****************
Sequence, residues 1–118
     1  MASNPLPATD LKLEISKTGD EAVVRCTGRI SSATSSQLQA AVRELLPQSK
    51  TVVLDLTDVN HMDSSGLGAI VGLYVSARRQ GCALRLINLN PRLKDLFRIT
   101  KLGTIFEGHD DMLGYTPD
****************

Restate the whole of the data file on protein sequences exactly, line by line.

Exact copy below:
Sequence, residues 1–118
     1  MASNPLPATD LKLEISKTGD EAVVRCTGRI SSATSSQLQA AVRELLPQSK
    51  TVVLDLTDVN HMDSSGLGAI VGLYVSARRQ GCALRLINLN PRLKDLFRIT
   101  KLGTIFEGHD DMLGYTPD